Nashville House & Home & Garden™

JUL-AUG 2019

Nashville House & Home & Garden™ is the area's #1 luxury home and garden publication. We're devoted to everything for decorating and remodeling.

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Page 40 of 56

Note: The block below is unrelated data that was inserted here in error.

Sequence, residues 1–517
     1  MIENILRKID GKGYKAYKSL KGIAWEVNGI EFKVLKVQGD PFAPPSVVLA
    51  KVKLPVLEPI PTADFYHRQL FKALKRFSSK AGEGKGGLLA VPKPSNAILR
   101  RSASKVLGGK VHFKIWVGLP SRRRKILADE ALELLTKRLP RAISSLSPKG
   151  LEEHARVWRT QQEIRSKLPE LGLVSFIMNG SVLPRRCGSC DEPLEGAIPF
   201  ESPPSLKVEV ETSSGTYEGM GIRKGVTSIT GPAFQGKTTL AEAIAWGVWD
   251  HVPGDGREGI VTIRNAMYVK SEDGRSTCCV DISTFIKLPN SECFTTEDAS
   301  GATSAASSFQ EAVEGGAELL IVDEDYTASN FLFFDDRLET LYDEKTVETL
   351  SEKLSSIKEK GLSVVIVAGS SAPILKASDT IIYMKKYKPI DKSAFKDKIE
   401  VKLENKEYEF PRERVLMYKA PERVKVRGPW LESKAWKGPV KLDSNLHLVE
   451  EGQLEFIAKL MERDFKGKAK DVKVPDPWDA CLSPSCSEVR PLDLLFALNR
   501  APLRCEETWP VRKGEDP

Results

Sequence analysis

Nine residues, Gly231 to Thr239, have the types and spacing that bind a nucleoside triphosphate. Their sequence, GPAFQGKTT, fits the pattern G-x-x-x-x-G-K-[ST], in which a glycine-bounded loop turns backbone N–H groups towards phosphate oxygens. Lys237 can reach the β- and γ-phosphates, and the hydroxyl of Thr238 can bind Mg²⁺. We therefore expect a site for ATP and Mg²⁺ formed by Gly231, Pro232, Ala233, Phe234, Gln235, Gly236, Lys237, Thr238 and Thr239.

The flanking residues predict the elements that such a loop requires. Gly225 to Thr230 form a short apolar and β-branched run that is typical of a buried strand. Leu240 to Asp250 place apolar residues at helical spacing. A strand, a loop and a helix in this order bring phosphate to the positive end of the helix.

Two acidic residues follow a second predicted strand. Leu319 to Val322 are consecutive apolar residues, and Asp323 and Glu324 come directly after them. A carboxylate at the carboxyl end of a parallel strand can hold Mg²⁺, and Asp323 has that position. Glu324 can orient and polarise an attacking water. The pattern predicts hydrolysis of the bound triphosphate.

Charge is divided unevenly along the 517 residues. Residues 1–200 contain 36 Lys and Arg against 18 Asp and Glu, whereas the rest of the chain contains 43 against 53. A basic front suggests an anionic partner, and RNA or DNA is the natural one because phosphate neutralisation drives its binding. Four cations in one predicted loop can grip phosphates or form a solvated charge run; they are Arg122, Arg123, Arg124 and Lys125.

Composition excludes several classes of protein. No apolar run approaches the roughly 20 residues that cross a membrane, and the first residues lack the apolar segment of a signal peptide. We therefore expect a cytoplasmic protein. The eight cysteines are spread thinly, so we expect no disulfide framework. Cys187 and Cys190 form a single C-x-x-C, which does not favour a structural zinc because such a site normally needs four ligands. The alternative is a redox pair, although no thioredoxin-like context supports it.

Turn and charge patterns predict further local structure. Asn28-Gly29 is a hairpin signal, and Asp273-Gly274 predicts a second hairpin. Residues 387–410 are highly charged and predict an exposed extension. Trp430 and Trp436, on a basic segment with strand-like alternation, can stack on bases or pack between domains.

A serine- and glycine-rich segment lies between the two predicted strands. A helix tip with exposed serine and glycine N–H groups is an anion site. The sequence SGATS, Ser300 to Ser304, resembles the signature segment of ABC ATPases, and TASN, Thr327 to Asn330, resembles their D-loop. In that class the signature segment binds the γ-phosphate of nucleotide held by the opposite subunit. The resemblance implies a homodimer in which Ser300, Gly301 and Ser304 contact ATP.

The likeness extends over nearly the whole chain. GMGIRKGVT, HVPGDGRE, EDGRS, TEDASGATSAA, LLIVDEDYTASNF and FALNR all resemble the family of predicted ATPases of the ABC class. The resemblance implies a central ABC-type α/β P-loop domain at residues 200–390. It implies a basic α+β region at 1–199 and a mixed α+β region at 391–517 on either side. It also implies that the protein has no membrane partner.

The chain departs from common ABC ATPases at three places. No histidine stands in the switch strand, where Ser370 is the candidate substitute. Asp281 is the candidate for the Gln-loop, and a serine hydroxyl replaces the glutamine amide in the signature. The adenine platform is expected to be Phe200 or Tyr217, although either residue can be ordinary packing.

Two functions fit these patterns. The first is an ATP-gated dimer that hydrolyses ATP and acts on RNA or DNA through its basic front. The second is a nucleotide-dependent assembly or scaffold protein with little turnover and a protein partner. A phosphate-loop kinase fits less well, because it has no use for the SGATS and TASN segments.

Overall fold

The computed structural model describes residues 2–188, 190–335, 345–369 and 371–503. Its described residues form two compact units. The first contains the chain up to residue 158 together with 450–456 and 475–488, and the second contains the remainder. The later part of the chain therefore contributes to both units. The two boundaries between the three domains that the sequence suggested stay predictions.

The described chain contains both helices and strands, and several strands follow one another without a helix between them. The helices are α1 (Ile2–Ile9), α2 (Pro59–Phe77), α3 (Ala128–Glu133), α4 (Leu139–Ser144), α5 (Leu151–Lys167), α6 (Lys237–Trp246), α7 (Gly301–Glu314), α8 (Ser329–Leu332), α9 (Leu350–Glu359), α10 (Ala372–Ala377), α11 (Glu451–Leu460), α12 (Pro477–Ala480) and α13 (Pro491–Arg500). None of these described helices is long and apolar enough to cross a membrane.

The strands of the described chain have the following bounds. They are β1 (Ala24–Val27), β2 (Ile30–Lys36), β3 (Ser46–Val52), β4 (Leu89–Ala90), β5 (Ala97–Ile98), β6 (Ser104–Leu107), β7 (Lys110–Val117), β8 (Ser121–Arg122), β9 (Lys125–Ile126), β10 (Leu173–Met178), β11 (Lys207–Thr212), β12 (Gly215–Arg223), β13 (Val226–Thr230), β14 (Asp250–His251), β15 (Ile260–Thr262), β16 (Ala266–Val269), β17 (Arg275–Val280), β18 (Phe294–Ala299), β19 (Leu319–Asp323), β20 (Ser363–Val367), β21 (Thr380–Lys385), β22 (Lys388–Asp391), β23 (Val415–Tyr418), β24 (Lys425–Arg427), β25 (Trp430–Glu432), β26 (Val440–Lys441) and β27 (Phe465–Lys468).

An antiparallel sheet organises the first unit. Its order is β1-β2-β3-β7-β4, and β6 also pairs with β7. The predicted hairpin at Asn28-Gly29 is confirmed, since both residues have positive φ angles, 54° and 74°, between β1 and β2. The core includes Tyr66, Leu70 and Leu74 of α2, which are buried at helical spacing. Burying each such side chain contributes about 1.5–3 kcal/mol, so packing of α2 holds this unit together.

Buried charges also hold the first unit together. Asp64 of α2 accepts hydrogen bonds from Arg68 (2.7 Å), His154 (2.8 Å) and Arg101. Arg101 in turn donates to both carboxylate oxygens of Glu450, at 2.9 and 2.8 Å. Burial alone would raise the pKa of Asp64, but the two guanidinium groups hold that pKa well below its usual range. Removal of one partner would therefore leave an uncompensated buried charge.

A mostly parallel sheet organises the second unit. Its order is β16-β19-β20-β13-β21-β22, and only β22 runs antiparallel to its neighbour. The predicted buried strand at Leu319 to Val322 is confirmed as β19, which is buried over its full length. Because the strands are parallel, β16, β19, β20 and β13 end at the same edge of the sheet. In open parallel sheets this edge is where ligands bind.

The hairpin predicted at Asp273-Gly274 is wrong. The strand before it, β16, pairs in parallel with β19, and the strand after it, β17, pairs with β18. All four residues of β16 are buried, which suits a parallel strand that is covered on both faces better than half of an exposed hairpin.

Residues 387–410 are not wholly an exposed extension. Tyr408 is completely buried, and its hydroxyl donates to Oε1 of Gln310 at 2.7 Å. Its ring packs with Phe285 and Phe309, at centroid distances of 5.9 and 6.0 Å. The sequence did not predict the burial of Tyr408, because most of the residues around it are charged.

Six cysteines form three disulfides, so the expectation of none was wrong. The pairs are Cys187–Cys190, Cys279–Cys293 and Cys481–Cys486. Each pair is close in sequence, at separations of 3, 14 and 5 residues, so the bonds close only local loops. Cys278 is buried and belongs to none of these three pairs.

G R E AT E R N A S H V I L L E H O U S E & H O M E & G A R D E N ™ 40 has no architectural interest, says Jones. "We love wallpaper, as it is easier to change than perhaps pung stone or wood on your walls." When an accent wall is not done right, it can make a space look choppy or like an aerthought, according to Ray. "Some good loca•ons for accent walls are bedroom headboard walls, bathroom vanity walls, bathroom tub walls, foyer/entry walls, and even the backside of kitchen islands," she says. Paint, wallpaper, or shiplap works great in bed- rooms and entries, says Ray. "Fun bold •le works well in bathrooms. And shiplap or funky •le will offer a durable and stylish op•on on islands," re- ports Ray. "Paint is oen the most common accent applica•on people gravitate toward, as it is the least expensive and easiest to change, but when designing we prefer materials that add color and texture." Agreeing that accent walls are a great way to ex- periment when it makes sense is Lewis. "An accent wall in a bedroom on the wall behind the head- board and focal walls in main spaces such as living room walls with fireplaces are among the most common spaces for experimenta•on," she says. "For those who would rather not paint an accent wall, we find that spaces such as guest bedrooms, dining rooms, and powder rooms are ideal for ex- periemen•ng with color, texture, and finish." Yoakum says some homeowners may accent a wall with paint or wallpaper, while others may choose wood walls for a natural feeling. "We also do tonal accent walls where we use moulding to create a design but paint it the same color as the walls," she says. "The only place I use 'accent walls' anymore is in bedrooms on the wall behind the bed," says Barne‹. "I use accent paint colors on ceilings, the backs of bookcases, in home office/libraries, and powder rooms instead." Some•mes called the "6th wall," the ceiling is also gaining a‹en•on. "Too many people forget that they can do something interes•ng on their ceiling. When you understand the visual effects of different color values you can create a very special place," says Jones. "More and more clients are ready to paint their ceilings, but are terrified of making the wrong paint color choice, which is why they bring me in," says Barne‹. "And for walls clients seem to want more applied molding on the walls instead of more paint colors. Board and ba‹en, shiplap, her- ringbone pa‹erns—these are popular. Homeown- ers want more texture, rathter than more color for those applica•ons." Repor•ng she gets a lot of requests to paint ceil- ings something other than white, Ray reports, "A dark color on a bedroom ceiling creates a cozy, in- Photos at top and middle, courtesy of The Decorologist. Photo at boom courtesy of PPG Paints.

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